I'm no marketing guru but I have learned over the years that I can either genuinely excite or unwittingly bore for England on the subject of what I do. The difference between the two requires the highly challenging art of listening. A luxury in short supply at the start of any new conversation.
Depending on whether I am facing a policy-maker, a creative practitioner, a teacher or a parent, I can choose either to describe my role in terms of being strategic, creative, educational or administrative. Or something combining all four. However I begin, sometimes I completely forget to find out why the person addressing me wanted to know in the first place. Without this knowledge, it’s easy to fall far short of expectations and end up saying nothing at all of interest.
For instance, the policy maker actually wants to know if I can help them influence their constituents by presenting the evidence they need for their next case. The creative wants to glean ideas for working creatively in schools without selling their soul. The teacher wants to know if what I do will really help improve attainment without increasing their heavy workload. And the parent…
The poor parent only wants to find out if I'm the right person to ask the way to the nearest loo. After listening to five minutes of me banging on about advocating the importance of arts in the early years, they've become so desperate that anything I say simply represents an obstacle to themachieving the immediate relief they need. Some may even end up hating me for that!
This question is never about us, it’s always about them. The sooner we discover how to address people’s questions with the answer that most quickly speaks to their real enquiry, and helps them achieve the fulfilment of their knowledge (or bladder), the more likely we are to engage them in a richer, more interesting conversation about what their interests and intentions are, ie why they want to know.
So how does this work in practice? We can hardly go around responding to this question with ‘Well, why do you want to know’? without sounding rather too impressed with ourselves. Definitely not cricket. So my tactic in these situations is to try and ask the question first. Or, failing that, offer a short reply that clearly describes the values of Earlyarts, opens up a wider question about how my colleague might engage with these values, and enables them to talk about their interests for long enough to find our common ground and build a relationship. It’s all about listening.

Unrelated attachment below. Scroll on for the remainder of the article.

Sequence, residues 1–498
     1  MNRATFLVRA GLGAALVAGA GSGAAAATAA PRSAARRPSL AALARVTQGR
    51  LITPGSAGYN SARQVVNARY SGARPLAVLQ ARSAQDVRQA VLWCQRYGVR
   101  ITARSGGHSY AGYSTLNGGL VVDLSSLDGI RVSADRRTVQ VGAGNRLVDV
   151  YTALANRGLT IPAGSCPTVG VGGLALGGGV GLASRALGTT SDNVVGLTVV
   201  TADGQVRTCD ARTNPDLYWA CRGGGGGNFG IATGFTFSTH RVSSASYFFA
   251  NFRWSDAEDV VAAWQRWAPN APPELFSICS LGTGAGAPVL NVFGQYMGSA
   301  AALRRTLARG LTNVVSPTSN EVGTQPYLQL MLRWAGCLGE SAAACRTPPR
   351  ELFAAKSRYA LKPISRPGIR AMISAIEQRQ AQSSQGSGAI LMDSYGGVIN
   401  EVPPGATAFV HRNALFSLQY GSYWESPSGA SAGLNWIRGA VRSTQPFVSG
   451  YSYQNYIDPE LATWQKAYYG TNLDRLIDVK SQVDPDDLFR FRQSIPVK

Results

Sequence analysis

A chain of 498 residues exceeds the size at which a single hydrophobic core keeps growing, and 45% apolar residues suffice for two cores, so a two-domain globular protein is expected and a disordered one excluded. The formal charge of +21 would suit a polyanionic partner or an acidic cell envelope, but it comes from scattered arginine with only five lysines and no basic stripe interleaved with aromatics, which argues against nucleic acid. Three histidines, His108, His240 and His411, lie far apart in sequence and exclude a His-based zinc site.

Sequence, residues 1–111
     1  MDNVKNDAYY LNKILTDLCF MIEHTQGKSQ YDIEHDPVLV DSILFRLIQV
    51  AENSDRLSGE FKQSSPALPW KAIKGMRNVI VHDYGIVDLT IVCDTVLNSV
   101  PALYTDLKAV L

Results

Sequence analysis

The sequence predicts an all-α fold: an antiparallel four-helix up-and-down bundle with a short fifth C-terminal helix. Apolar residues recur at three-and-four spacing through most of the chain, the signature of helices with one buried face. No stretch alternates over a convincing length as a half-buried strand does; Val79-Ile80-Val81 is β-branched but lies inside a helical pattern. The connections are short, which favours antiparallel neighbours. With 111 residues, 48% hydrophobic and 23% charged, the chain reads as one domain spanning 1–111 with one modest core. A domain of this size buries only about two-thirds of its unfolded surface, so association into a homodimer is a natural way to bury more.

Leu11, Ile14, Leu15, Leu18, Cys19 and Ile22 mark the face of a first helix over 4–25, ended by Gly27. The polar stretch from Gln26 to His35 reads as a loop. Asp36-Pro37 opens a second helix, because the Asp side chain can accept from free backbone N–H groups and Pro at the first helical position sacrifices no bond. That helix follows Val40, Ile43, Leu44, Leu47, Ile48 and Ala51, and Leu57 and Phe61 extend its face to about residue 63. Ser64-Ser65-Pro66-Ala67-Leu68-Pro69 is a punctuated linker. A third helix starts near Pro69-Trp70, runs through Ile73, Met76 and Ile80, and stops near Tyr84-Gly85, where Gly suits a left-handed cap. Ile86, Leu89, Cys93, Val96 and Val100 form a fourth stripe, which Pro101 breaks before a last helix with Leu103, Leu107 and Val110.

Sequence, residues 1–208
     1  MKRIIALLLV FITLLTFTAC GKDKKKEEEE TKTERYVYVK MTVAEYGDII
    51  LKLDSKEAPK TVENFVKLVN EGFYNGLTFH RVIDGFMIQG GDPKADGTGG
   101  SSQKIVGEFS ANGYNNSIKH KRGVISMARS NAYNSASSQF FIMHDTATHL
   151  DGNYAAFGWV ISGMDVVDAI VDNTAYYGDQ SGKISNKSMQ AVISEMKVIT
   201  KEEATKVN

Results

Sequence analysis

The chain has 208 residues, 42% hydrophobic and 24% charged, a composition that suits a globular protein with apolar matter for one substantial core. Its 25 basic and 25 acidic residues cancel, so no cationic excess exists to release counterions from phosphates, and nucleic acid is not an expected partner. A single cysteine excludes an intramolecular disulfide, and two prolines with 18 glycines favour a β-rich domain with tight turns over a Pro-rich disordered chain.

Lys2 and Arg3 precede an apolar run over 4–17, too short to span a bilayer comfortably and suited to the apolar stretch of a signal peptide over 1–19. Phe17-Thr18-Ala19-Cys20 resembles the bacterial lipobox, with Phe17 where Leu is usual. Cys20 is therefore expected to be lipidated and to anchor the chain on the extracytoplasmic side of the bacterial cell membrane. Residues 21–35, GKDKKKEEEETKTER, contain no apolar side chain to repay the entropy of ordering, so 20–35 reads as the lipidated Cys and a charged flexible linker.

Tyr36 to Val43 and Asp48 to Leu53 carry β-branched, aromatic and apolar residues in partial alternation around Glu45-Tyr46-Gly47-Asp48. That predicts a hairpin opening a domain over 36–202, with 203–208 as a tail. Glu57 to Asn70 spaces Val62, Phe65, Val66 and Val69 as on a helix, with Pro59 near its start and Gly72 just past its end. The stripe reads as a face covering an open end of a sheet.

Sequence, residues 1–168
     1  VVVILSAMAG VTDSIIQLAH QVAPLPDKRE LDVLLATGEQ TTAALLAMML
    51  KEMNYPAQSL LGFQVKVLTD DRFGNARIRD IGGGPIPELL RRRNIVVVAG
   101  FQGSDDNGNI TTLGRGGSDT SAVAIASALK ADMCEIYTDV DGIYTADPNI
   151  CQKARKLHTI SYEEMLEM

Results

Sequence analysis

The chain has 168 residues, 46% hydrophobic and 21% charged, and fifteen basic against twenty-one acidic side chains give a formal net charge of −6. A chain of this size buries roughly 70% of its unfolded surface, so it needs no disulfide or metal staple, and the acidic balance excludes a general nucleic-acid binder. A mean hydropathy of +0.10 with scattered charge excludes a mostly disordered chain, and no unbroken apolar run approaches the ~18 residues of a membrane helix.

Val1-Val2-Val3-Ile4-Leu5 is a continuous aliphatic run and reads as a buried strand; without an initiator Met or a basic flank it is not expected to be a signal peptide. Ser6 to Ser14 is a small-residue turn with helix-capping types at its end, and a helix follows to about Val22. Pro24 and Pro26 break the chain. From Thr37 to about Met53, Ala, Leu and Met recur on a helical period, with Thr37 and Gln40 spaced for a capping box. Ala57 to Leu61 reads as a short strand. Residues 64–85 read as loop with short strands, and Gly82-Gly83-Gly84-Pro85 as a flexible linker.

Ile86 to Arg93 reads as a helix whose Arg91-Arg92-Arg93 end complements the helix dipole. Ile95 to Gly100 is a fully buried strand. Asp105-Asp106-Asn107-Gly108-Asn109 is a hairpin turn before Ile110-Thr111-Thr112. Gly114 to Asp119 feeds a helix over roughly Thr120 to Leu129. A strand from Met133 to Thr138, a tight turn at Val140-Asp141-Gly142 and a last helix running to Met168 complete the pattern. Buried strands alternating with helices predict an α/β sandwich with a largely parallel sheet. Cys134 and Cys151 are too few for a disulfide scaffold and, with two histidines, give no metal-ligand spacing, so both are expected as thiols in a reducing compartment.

I have learned this lesson the hard way by spending time with a few of the world-leading pioneers who are the most adept at teaching me how to listen – our youngest children. I don't know any three, four or five year old who has been remotely interested in what my job is (frankly, if it’s not a racing car driver, fireman or police woman, forget it!). They don’t care who I am and are not the slightest bit impressed whether my title has director or dogsbody in it.
However, when they invite me to listen to their stories about who they are (which they are incredibly confident and adept at telling), I have the immense privilege of watching masters of communication at work. Bit by bit, as a child experiences you validating their words and genuinely taking their ideas seriously, the trust builds - amazingly quickly when your interest is really genuine – and their incredibly engaging stories unfold. But watch out as most kids can sniff out a patronising smile at ten paces.
Before you know it, they have explained their philosophy of life (or, at least, the subject of their play there and then) and invited your contribution to this hugely important subject. It is now, at this stage, when the child gives you the ‘glad eye’ and invites you in, you can be sure they are interested in you and your presence in their play for that moment.
And let me tell you, when this happens, you have just scored the meeting of the century with the most important person on the planet. Make the most of it – especially if you call yourself a ‘leader’ - because there will be nothing as truthful, challenging, meaningful and educational than this in the entire make-believe world of adulthood.
Image Credits: Little Acorns Project; Earlyarts